I believe in one, holy, catholic and apostolic Church. (Nicene Creed)
Christianity from the First Century held to some idea that becoming a Christian meant joining a people, a community, the Body of Christ. There was no such thing as being a Christian alone, or that faith was an individualized affair between a isolated person and God. Christianity implied love, being united to Christ, and sharing a faith with other believers. If one stood apart, it was only in the sense that one belonged to and committed oneself to a community which had a set of values reflecting God’s Kingdom which could put you at odds with the values of the ‘nation’ in which one lived. There was a loyalty questions because one claimed membership in a kingdom not of this world, even if one lived in a worldly kingdom.
“…The Church, which is an alternative community to the status-quo human communities committed to and governed by Caesar (and analogous rulers) and by values contrary to the gospel.” (Michael J. Gorman, Reading Paul, p 8)
St. Basil the Great (d. 379AD) who grew up in the Roman Empire as it was being Christianized, writes about the essential nature of the Church as community for each Christian.
“If anyone claims to be able to be completely self-sufficient, to be capable of reaching perfection without anyone else’s help, to succeed in plumbing the depths of Scripture entirely unaided, he is behaving just like someone trying to practice the trade of a carpenter without touching wood. The Apostle would say to such: ‘It is not the hearers of the Law who are righteous before God, but the doers of the Law who will be justified.’ (Rom. 2:13) Our Lord, in loving each human being right to the end, did not limit himself to teaching us in words. In order to give us an exact and telling example of humility in the perfection of love, he put on an apron and washed the disciples’ feet. So what about you, living entirely on your own? Whose feet will you wash? Whom will you follow to take the lowest place in humility? To whom will you offer brotherly service? How, in the home of a solitary, can you taste the joy that is evident where many live together?
The spiritual field of battle, the sure way of inner advancement, continual practice in the keeping of the commandments, this is what you will find in a community. It has the glory of God as its aim, in accordance with the word of the Lord Jesus: ‘Let your light so shine before your fellows that they may see your good works and give glory to your Father who is in heaven,’ (Matt. 5:16) What is more, community preserves that particular characteristic of the saints which is referred to in the Scriptures thus: ‘All who believed were together and had all things in common.’ (Acts 2:44) ‘The company of those who believed were of one heart and soul and no one said that any of the things which he possessed was his own, but they had everything in common. (Acts 4:32)[…] Whoever loves God loves his neighbor. The Lord says: ‘Anyone who loves me will keep my word’ (John 14:23) and ‘This is my commandment, that you love one another as I have loved you.’ (John 15:12) So then, whoever loves his neighbor loves God, and God reckons our unity with our brothers and sisters is unity with him. One is reminded of Moses. He loved his brothers and sisters so much that he asked to be blotted out of the book of the living if the people did not receive forgiveness of their sins. (Exod. 32:32).” ( Drinking from the Hidden Fountain, pp 215-216, 218)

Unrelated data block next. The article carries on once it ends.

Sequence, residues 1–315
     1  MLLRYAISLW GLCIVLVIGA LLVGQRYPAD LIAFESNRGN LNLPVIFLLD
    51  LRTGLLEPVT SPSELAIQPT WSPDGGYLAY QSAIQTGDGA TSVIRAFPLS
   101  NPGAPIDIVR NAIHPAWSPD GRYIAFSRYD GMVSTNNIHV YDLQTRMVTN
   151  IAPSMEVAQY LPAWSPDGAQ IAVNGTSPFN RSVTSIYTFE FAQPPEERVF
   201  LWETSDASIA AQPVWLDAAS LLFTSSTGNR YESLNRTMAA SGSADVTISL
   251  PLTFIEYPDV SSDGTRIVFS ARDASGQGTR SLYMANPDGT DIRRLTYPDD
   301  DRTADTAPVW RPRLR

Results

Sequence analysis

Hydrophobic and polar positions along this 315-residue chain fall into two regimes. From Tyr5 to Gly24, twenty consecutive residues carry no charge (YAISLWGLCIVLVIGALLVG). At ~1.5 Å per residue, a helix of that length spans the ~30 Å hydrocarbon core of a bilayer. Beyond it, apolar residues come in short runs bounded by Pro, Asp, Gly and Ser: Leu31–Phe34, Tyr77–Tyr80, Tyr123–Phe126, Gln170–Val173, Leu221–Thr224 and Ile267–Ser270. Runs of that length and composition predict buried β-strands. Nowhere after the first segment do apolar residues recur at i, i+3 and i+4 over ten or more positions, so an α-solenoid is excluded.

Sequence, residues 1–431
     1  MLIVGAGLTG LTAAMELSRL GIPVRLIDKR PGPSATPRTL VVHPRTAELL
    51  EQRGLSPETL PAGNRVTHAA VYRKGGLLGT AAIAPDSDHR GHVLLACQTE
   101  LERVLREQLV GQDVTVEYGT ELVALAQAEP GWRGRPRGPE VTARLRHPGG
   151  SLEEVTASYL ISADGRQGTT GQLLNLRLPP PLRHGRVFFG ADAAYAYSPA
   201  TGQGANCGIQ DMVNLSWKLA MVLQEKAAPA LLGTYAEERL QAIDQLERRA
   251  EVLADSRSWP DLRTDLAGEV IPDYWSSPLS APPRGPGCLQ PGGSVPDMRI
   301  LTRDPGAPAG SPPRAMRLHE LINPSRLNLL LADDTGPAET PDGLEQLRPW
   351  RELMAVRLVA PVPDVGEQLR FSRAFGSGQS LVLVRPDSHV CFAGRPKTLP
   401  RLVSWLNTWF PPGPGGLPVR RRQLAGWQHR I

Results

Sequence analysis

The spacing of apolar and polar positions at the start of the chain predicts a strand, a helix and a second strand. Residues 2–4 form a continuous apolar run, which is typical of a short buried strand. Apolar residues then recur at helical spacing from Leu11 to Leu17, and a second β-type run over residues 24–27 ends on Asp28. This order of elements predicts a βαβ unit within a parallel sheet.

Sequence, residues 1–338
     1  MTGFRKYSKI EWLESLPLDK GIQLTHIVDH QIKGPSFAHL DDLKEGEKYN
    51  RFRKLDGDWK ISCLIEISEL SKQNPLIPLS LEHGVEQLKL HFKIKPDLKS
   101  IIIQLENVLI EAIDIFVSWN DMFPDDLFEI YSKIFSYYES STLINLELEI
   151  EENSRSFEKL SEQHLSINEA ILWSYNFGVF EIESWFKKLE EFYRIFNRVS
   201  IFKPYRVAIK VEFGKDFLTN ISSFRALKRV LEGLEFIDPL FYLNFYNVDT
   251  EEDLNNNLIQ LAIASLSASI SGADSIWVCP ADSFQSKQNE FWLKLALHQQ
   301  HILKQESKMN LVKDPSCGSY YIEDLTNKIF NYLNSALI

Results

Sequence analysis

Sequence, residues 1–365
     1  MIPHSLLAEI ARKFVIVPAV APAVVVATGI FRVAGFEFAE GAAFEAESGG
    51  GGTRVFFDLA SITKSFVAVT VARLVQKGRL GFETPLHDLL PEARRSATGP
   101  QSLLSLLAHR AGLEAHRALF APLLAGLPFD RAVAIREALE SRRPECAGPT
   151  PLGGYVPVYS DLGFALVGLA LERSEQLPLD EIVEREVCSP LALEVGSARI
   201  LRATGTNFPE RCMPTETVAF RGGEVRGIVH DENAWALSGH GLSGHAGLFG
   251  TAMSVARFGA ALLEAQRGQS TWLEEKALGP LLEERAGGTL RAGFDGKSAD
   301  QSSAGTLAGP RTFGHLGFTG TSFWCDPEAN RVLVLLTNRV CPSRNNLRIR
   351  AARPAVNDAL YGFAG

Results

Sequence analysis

Becoming and being a Christian means being part of the Body of Christ, it means being in relationship to Christ and all those who believe in Him. As St. Basil points out even Moses does not receive the Law apart from God’s people, but rather even portrays himself to God as being one with those people, unwilling to be saved apart from them.